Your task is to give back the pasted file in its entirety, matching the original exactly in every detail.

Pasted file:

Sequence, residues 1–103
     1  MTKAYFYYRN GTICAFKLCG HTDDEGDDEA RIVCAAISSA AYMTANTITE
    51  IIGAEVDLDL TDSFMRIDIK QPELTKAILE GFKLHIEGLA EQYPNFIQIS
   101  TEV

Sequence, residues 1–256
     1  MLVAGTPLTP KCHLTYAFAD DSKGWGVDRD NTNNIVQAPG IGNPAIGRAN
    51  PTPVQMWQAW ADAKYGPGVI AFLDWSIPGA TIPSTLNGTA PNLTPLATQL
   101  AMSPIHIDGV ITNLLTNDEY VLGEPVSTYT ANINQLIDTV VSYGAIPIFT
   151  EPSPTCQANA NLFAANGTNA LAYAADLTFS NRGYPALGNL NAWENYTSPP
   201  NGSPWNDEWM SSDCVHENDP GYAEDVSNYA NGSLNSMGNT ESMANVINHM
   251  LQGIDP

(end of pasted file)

Sequence, residues 1–103
     1  MTKAYFYYRN GTICAFKLCG HTDDEGDDEA RIVCAAISSA AYMTANTITE
    51  IIGAEVDLDL TDSFMRIDIK QPELTKAILE GFKLHIEGLA EQYPNFIQIS
   101  TEV

Sequence, residues 1–256
     1  MLVAGTPLTP KCHLTYAFAD DSKGWGVDRD NTNNIVQAPG IGNPAIGRAN
    51  PTPVQMWQAW ADAKYGPGVI AFLDWSIPGA TIPSTLNGTA PNLTPLATQL
   101  AMSPIHIDGV ITNLLTNDEY VLGEPVSTYT ANINQLIDTV VSYGAIPIFT
   151  EPSPTCQANA NLFAANGTNA LAYAADLTFS NRGYPALGNL NAWENYTSPP
   201  NGSPWNDEWM SSDCVHENDP GYAEDVSNYA NGSLNSMGNT ESMANVINHM
   251  LQGIDP